The Letters

THE NEW COMMONWEALTH. LOCAL LEGISLATURES. THE FISCAL QUESTION. RIVAL PARTY LEADERS. FROM OUR OWN CORRESPONDENT. SYDNEY, Dec. 1 1903; Jan. 6 1904. A pessimist might find plenty of material for confirming himself in despair if he were compelled to seek for an impartial study of Australian politics. He could not put his hand on a newspaper published here which is not an out-and-out partisan in its view of State affairs, nor discover one which endeavours to understand the public affairs of any other State than its own apart from party prepossessions. As a rule the separate sets of tangles that…
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THE NEW COMMONWEALTH. TARIFF DISCUSSIONS. THE CASE FOR PREFERENCES. FROM OUR CORRESPONDENT. SYDNEY, Dec. 8 1903; Jan. 14 1904. The last act of the Federal electoral drama has opened with the nominations of candidates, of whom there are, as usual, enough and to spare. Of course, there are contests for the Senate everywhere, since each State is treated as one constituency, and a single nomination beyond the number required forces all to the poll. For three vacancies in New South Wales there are twelve aspirants, and four vacancies in Victoria have brought eighteen into the field. Three seats in…
THE NEW COMMONWEALTH. FEDERAL ELECTIONS. THE CAMPAIGN FUNDS. FROM OUR OWN CORRESPONDENT. SYDNEY, Dec. 15 1903; Jan. 21 1904. The Federal elections take place to-morrow. Welcome, if for nothing else, because they will place an extinguisher on the unceasing campaign of chatter in the newspapers. What the ordinary Australian citizen would do in politics if he were not daily stimulated, advised, threatened, warned and cajoled as well as instructed by his morning monitors is fairly clear. He would do nothing beyond recording his vote, if, indeed, he was energetic enough to do that. As it is he is…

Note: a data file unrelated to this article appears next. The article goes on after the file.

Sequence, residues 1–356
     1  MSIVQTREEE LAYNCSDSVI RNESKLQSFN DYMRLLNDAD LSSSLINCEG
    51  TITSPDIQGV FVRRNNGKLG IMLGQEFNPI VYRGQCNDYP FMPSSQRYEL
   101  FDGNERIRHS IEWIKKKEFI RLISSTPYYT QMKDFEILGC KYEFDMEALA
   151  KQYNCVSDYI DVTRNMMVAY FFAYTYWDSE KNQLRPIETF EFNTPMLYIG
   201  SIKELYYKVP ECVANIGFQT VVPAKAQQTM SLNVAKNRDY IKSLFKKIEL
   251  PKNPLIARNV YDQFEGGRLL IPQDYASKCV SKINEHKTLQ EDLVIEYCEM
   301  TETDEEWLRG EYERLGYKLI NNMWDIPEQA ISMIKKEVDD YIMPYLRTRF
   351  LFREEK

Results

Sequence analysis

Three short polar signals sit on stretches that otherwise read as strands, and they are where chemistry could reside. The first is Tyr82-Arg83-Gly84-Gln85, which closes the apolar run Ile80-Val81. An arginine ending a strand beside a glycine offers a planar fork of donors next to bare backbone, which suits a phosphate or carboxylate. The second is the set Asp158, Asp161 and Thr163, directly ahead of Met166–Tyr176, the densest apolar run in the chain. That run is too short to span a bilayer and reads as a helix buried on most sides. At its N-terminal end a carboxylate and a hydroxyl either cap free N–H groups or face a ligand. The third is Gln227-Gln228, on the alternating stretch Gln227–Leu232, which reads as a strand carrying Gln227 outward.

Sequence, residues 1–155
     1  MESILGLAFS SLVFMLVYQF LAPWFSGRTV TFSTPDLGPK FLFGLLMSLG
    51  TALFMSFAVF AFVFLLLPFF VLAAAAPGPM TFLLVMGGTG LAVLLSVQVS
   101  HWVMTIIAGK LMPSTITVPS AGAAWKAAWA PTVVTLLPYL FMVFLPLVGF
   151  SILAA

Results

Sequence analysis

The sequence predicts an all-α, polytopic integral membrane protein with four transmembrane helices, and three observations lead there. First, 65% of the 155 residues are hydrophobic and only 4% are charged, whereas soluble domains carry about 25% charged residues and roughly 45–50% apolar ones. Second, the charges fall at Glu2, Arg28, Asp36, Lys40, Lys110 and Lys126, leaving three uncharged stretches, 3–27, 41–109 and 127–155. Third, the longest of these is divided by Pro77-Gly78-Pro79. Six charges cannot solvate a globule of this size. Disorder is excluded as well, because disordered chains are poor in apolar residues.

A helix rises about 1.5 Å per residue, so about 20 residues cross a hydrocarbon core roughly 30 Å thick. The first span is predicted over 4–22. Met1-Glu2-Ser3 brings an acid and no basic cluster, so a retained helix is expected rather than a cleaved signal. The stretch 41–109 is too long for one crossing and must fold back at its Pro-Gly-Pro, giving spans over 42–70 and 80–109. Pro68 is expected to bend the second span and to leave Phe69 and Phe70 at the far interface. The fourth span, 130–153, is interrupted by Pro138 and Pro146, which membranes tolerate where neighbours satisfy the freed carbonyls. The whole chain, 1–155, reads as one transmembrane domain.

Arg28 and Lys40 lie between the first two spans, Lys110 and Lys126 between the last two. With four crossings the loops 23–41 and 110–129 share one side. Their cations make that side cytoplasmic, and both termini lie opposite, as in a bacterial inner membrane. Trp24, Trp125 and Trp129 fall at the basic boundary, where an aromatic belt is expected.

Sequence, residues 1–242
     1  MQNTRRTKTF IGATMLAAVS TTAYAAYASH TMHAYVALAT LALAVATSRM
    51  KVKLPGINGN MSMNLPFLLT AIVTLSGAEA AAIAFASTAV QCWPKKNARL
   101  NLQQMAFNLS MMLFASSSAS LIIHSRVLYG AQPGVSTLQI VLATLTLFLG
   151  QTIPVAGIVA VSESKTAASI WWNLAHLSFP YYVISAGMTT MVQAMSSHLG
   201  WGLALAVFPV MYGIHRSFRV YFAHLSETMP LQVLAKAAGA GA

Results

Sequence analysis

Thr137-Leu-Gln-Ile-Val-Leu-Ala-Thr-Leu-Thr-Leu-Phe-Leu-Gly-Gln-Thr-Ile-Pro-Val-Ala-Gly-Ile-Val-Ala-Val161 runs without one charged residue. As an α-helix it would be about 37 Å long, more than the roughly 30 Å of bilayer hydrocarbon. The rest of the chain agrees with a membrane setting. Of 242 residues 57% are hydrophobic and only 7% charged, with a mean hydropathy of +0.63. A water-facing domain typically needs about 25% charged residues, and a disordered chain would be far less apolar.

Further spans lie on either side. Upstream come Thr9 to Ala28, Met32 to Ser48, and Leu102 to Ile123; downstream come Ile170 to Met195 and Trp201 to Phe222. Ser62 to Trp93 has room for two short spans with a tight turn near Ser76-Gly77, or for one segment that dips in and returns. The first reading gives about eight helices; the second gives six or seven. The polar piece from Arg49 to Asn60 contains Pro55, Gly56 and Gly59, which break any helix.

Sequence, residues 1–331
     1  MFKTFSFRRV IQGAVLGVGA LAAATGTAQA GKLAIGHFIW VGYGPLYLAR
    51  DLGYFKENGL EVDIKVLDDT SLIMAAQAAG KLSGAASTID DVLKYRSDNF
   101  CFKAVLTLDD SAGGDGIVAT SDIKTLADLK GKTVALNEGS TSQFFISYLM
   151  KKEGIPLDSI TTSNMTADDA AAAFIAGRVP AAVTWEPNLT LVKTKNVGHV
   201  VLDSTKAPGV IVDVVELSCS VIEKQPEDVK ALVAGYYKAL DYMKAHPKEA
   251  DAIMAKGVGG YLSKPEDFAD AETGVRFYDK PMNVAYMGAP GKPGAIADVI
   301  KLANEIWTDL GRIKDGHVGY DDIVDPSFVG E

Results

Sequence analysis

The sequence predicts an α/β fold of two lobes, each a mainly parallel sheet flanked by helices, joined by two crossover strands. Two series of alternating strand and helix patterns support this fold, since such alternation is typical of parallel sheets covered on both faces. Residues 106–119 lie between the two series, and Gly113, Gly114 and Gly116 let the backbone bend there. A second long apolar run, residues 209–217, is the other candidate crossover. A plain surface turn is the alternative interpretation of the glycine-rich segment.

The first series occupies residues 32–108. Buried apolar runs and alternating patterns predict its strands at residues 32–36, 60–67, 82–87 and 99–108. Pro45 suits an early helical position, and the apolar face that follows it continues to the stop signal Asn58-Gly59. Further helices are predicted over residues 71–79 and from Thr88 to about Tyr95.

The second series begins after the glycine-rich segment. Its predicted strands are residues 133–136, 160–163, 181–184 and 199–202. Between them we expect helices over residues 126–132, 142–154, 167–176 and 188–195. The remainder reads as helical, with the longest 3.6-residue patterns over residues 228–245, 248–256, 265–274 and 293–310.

THE NEW COMMONWEALTH. SUCCESSES OF THE LABOUR SECTION. TWO OPPOSITIONS. THE QUESTION OF COALITION. FROM OUR OWN CORRESPONDENT. SYDNEY, Dec. 22 1903; Jan. 28 1904. The Commonwealth elections resembled nothing so much as the triangular duel in Marryat’s “Midshipman Easy”, except that in this instance each combatant was doubly armed and shot at both his adversaries. The Ministry suffered most at the hands of both of its antagonists and the Opposition little. The Labour Party triumphed at the expense of each. Yet for all that the fundamental situation is not altered. As parties went to the…
THE NEW COMMONWEALTH. IMPERIAL FEELING. THE PROPOSALS OF MR. CHAMBERLAIN. RESULTS OF ELECTIONS. FROM OUR OWN CORRESPONDENT. SYDNEY, Jan. 6 1904 [29 Dec. 1903]; Feb. 12 1904. The Commonwealth elections were affected to a considerable extent, by the absence of thousands of farmers from the polls. Their steadying influence would have probably altered the results in several States, especially for the Senate. As a class they are proverbially sluggish in political affairs, but in the present instance they had a better reason for their abstinence than their distance from the booths. The magnificent…
­­THE NEW COMMONWEALTH. MR. CHAMBERLAIN’S POLICY. “IMPERIAL IN EVERY SENSE.” CRYING WANT OF AUSTRALIA. FROM OUR OWN CORRESPONDENT. SYDNEY, Jan. 13 [Jan. 5] 1904; Feb. 15 1904. The invitation to Mr. Chamberlain to visit Australia for the purpose of personally unfolding his policy of preferential trade came to us as a New Year’s Day surprise, and created a wide- spread sensation. Some months ago the possibilities of his coming were discussed in the Press, and the late Government was unsuccessfully interrogated on the prospect. Doubtless it was then felt that Mr. Chamberlain, though relieved…